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Cliff surveys


  • To examine physical characteristics and features along a stretch of coastline

  • To identify different rock types and investigate the links between geology and physical features

  • To compare coastlines with different geologies

  • To study evidence of coastal erosion, including sub-aerial weathering, mass movement, basal erosion by the sea, human activity

  • To investigate and analyse strategies for protecting against coastal erosion


  • Plain paper, pencil and rubber for sketch

  • Camera

  • Geological guides

  • Secondary evidence, for example photographs, maps, newspaper cuttings

  • Tape measure

  • Clinometer


Cliff height

  • Standing a safe distance from the cliff, measure distance (A) using a tape measure. A distance of around 10 meters may be appropriate, but this depends on the size of the beach

  • Use a clinometer towards the top of the cliff to measure angle (B)

  • The height of the cliff is calculated as follows:

  • Distance (A) x tan of angle (B) + height of observer

Cliff sketch
A detailed sketch of the physical and human features of the cliffs at predetermined sampling points. Once cliff height has been established, the sketch can be drawn reasonably accurately to scale. Observations and annotations should be made of:

  • Obvious features, for example high tide level, caves, wave-cut notch, wave-cut platform, gullying

  • Basic geology (can be added later)

  • Structure, for example bedding planes and joints, folding and faulting

  • Conservation considerations, for example nesting birds, other animals

  • Type of vegetation and any evidence of effect on erosion

  • Evidence of erosion or mass movement, for example slumping, rock falls

  • Human activity, for example built structures, management/protection measures, recreational activities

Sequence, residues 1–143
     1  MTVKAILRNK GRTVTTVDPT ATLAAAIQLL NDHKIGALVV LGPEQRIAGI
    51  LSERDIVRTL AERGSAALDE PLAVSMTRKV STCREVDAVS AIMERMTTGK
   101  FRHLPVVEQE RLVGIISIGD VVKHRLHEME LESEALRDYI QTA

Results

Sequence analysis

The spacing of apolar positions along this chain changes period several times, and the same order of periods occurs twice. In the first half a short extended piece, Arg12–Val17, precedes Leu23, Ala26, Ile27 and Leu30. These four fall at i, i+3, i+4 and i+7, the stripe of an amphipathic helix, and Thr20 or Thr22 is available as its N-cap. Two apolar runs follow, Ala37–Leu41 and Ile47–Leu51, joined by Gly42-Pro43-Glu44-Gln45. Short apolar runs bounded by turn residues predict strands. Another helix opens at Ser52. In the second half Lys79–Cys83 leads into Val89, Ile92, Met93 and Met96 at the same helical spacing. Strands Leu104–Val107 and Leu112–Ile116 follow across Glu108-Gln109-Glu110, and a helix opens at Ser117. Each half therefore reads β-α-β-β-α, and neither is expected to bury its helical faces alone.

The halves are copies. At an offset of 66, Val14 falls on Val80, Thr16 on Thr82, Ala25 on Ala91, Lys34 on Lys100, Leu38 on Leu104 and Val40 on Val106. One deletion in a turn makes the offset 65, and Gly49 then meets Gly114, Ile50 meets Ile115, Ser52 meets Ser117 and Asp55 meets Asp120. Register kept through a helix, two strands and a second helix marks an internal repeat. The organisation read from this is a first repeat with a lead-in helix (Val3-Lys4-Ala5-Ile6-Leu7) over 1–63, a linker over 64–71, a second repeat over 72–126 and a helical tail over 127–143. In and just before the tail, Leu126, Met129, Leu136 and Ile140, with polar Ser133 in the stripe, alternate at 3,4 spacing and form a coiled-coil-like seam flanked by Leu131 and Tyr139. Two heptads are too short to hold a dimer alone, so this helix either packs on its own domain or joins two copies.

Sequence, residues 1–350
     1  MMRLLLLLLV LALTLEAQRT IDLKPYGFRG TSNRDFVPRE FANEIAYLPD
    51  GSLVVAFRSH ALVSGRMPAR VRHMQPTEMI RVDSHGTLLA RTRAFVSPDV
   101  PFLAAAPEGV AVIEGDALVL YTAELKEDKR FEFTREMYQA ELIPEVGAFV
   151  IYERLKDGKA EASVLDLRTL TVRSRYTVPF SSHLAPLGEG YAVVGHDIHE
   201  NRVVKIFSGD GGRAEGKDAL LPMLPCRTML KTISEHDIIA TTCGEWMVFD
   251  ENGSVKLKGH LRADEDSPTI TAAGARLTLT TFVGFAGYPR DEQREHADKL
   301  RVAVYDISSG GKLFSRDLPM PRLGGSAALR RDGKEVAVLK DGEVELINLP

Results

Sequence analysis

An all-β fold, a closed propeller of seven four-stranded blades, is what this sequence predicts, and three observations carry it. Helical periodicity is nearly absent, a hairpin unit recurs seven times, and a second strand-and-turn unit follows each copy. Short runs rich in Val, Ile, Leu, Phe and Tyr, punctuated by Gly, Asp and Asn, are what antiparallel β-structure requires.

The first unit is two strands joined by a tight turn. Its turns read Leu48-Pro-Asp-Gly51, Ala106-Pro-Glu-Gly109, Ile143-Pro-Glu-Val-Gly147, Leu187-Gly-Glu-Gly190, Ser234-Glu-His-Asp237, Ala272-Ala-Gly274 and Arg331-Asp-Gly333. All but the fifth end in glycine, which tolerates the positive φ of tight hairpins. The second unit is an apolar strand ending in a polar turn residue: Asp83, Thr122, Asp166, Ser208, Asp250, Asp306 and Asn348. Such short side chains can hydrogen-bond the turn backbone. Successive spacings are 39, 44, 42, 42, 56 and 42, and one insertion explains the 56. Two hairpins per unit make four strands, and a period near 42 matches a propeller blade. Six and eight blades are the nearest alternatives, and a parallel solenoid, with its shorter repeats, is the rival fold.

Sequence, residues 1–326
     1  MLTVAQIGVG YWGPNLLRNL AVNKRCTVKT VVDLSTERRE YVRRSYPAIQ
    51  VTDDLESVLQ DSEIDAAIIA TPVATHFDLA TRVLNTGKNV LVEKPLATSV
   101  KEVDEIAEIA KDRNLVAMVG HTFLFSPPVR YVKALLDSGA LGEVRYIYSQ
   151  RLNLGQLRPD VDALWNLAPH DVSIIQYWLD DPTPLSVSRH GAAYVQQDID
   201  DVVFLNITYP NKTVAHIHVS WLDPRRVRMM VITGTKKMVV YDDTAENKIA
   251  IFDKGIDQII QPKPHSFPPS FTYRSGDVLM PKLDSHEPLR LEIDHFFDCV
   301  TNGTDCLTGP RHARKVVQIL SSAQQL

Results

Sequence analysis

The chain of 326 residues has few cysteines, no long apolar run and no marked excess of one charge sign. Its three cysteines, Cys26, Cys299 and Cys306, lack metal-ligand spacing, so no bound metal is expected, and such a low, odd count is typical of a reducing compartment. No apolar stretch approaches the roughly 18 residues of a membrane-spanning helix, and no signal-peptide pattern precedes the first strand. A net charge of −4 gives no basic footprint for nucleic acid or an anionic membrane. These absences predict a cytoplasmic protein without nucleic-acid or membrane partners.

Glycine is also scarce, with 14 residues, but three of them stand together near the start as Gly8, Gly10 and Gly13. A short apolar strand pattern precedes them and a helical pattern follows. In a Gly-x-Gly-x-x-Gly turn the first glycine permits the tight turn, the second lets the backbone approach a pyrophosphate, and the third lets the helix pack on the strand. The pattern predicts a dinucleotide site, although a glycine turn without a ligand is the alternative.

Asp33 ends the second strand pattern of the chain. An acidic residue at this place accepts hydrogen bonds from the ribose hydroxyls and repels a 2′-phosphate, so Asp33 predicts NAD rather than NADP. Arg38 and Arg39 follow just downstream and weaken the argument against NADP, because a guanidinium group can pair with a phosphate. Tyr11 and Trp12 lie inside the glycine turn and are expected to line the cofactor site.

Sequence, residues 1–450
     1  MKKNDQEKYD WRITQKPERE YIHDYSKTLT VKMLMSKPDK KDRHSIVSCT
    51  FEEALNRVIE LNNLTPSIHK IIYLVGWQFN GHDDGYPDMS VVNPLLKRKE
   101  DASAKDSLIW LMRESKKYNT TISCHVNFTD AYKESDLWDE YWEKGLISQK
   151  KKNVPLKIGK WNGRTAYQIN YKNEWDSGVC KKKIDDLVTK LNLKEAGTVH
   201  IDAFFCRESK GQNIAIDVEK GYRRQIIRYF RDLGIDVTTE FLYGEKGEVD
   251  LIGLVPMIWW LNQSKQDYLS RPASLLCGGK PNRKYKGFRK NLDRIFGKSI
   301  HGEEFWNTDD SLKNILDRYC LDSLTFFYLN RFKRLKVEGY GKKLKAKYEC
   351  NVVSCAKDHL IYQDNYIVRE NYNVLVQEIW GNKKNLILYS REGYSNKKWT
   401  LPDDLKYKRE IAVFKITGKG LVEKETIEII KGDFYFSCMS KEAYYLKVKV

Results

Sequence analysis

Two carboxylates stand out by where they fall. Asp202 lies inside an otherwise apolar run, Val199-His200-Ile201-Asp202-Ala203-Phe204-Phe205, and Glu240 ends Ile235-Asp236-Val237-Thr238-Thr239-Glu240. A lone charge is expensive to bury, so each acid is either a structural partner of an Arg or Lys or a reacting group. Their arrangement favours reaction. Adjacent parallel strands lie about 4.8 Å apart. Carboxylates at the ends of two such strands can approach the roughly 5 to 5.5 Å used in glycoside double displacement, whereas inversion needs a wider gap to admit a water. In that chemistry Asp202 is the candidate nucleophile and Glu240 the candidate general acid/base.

Photographic evidence can also be used to support and reinforce sketches.

Considerations and possible limitations
  • Be aware of the safety implications of working close to cliffs, it can be dangerous

  • It is important to consider the sampling strategy, where to carry out cliff surveys and how many to do - before the investigation is started

  • There may be some user error when taking readings with a clinometer, and the sophistication of models of clinometer can vary enormously

Using the data within an investigation
  • Cliff profiles can be used in conjunction with other data collected to examine relationships between different variables, for example beach profiles or sediment analysis

  • An investigation could examine the links between the beach morphology, sediment and cliff features

  • An investigation could examine the links between the geology of the cliffs and beach material or movement

  • It is possible to compare different stretches of coastline with different geologies to see how they vary in terms of geology, sediment and beach morphology

  • Secondary data, for example historical maps, photographs or articles from local newspapers or websites can be used to examine recession rates. Predictions could be made for future rates of cliff recession, alongside suggestions for future management

  • A study of the range of different techniques used to manage the cliffs could highlight costs and benefits as well as potential impacts on physical processes and human activity. Each technique could be assessed in terms of its effectiveness at reducing rates of recession

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